Last week, we told you about Pvt. Donald Arnold, a resident and World War II vet who, as the last living medic in his unit in a 1945 battle in Schlidgen, Germany, cut shrapnel out of his leg, bandaged his own wound and treated other soldiers.
Arnold did not complete paperwork on his own wound that day, and because of that, waited 67 years for his Purple Heart, which Sen. Sherrod Brown will give him next week.
You had lots to say about Arnold's ordeal. Below, we rounded up some of the comments on this story.
Many readers logged in to thank Arnold for his service:
: "Each time I see a Military person male or female from any of the four branchs, I salute them. These men & women are why our nation is still free and we owe them more than what our Gov't gives them."
: "As a Purple Heart veteran for the OEF generation, I'm glad the gov't finally opened their eyes and realized the truth...Congratulations, Pvt. Arnold"
: "Thank you for the service to our country. God save the United States and the constitution! From a disabled Republic of Vietnam combat veteran."
Some people took the opportunity to get political, thanking Sen. Brown for helping Arnold get the medal:
: "Thank you for your service Pvt. Arnold. This is yet another reason I am proud to call Senator Brown my Senator."
: "A wonderful story. Good work Senator."
And a couple had a totally different take on the story, questioning whether Arnold deserved the medal:
: "We were given a direct order not to get killed, captured or wounded. So the outfit never gave Purple Hearts as that would have meant someone broke a direct order. It was also said that they did not want to worry those at home. I guess if someone was wounded bad enough to go back to a hospital in the states then they got a purple heart. I can not understand why those who disobeyed orders and got wounded or captured are treated as heroes. Those of us who fought the war and lived in foxholes get nothing."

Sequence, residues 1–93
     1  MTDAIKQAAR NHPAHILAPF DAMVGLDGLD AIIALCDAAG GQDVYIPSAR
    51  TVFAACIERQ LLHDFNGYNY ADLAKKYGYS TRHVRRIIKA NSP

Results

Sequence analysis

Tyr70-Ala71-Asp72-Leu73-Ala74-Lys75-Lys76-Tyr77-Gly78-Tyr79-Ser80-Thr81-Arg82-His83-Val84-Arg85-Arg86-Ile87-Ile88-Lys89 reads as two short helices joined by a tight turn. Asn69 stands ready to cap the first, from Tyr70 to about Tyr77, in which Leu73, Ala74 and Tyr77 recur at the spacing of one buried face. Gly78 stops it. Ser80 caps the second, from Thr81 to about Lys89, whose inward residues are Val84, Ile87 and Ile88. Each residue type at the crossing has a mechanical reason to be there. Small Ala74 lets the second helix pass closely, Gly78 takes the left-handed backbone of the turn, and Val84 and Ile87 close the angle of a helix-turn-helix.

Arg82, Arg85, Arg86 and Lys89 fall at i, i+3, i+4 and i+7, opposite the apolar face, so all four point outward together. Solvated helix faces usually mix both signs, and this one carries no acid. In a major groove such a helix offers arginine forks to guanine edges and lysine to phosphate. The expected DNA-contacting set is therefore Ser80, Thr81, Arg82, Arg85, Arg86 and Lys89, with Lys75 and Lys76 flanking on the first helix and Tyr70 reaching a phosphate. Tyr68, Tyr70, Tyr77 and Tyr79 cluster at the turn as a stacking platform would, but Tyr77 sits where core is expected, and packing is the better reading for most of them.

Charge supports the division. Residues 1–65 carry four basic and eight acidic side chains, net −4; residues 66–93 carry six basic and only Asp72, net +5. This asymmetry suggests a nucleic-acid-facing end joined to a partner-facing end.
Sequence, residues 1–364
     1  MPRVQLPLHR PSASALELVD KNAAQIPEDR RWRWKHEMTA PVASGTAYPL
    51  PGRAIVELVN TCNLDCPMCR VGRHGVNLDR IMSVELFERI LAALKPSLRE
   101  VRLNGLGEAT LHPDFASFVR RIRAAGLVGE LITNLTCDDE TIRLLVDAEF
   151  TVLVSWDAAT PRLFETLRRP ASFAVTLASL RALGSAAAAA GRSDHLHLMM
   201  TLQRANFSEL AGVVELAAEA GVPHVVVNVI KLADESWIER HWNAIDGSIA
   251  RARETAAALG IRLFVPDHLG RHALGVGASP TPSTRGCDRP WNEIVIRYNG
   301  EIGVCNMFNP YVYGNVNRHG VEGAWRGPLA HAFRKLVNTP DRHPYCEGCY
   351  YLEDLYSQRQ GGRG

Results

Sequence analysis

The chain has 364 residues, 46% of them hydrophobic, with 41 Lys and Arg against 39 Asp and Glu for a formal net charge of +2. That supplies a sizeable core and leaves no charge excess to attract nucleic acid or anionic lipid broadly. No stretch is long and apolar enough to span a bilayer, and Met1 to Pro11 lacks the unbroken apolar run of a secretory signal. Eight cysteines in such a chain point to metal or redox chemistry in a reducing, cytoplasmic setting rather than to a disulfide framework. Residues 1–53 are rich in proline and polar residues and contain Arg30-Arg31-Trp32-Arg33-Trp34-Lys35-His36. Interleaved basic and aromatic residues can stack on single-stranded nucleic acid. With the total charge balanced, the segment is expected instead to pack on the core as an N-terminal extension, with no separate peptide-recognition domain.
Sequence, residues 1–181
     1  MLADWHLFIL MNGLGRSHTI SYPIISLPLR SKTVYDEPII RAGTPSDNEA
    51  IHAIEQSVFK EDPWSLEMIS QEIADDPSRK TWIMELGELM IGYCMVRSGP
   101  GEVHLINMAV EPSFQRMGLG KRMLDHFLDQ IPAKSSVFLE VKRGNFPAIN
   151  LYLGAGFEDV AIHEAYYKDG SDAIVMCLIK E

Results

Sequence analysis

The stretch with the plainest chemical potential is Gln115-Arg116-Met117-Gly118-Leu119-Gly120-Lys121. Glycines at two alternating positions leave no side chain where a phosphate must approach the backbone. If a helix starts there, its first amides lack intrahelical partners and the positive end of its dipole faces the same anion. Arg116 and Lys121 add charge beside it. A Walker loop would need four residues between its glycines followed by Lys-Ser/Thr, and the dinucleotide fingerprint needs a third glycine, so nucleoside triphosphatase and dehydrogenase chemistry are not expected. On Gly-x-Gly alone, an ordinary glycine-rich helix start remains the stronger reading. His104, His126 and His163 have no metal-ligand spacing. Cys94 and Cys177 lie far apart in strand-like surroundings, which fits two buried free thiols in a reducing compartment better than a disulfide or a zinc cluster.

responded to Thomas: "I hope you are being sarcastic and not serious. That war was not won by merely sitting in a foxhole (and I am not saying that was easy), but by going beyond what their gut told them to do and jump in the line of fire to try and save others. Don't be bitter; be happy that there are still others out there getting recognized long after the war ended. If you joined the military for the recognition, then you picked the wrong line of work, my friend. Be proud of your service just as all of us are. Be grateful you made it out alive. Whether you "lived" in a foxhole or out, you are no less of a man than he."
What do YOU think about this story? or just tell us your thoughts in the comments below!